These scenes provide previously unpublicized details about the transformation of the man known to U.S. officials as KSM from an avowed and truculent enemy of the United States into what the CIA called its "preeminent source" on al-Qaeda
. This reversal occurred after Mohammed was subjected to simulated drowning and prolonged sleep deprivation, among other harsh interrogation techniques.
"KSM, an accomplished resistor, provided only a few intelligence reports prior to the use of the waterboard, and analysis of that information revealed that much of it was outdated, inaccurate or incomplete," according to newly unclassified portions of a 2004 report by the CIA's then-inspector general released Monday by the Justice Department
The debate over the effectiveness of subjecting detainees to psychological and physical pressure is in some ways irresolvable, because it is impossible to know whether less coercive methods would have achieved the same result. But for defenders of waterboarding, the evidence is clear: Mohammed cooperated, and to an extraordinary extent, only when his spirit was broken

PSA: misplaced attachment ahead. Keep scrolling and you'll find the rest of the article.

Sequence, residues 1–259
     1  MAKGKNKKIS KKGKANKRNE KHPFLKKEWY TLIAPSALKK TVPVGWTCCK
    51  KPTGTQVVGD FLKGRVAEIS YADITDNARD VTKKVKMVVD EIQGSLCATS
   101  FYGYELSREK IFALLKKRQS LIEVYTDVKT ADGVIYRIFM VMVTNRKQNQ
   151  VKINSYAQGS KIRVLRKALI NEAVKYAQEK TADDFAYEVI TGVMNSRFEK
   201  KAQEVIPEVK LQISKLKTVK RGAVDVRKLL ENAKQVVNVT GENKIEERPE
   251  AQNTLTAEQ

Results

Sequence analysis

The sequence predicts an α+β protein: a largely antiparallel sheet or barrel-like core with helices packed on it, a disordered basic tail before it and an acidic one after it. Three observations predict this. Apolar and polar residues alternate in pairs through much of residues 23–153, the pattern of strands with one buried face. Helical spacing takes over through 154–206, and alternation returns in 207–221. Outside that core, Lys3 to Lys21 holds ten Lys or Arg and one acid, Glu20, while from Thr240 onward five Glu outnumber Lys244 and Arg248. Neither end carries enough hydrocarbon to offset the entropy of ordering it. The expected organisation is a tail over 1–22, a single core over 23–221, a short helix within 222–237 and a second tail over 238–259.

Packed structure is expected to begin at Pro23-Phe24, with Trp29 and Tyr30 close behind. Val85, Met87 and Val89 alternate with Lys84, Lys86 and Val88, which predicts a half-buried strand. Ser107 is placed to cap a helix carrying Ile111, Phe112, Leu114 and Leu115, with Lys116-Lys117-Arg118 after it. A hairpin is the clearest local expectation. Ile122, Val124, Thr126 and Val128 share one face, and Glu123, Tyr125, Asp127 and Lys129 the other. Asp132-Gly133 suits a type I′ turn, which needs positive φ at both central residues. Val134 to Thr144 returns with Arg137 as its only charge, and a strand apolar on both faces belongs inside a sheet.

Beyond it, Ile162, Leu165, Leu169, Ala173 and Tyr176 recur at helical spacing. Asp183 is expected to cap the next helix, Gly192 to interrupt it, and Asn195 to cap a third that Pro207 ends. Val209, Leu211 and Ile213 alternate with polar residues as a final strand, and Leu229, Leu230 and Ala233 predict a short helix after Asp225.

in the month after his capture March 1, 2003, as the inspector general's report and other documents released this week indicate.
John L. Helgerson, the former CIA inspector general who investigated the agency's detention and interrogation program, said his work did not put him in "a position to reach definitive conclusions about the effectiveness of particular interrogation methods."
"Certain of the techniques seemed to have little effect, whereas waterboarding and sleep deprivation were the two most powerful techniques and elicited a lot of information
," he said in an interview. "But we didn't have the time or resources to do a careful, systematic analysis of the use of particular techniques with particular individuals and independently confirm the quality of the information that came out."
Mohammed described plans to strike targets in Saudi Arabia, East Asia and the United States after the Sept. 11 attacks, including using a network of Pakistanis "to target gas stations, railroad tracks, and the Brooklyn bridge in New York." Cross-referencing material from different detainees, and leveraging information from one to extract more detail from another, the CIA and FBI went on to round up operatives both in the United States and abroad
"Detainees in mid-2003 helped us build a list of 70 individuals -- many of whom we had never heard of before
-- that al-Qaeda deemed suitable for Western operations," according to the CIA summary
Mohammed was an unparalleled source
in deciphering al-Qaeda's strategic doctrine, key operatives and likely targets, the summary said
, including describing in "considerable detail the traits and profiles" that al-Qaeda sought in Western operatives and how the terrorist organization might conduct surveillance in the United States.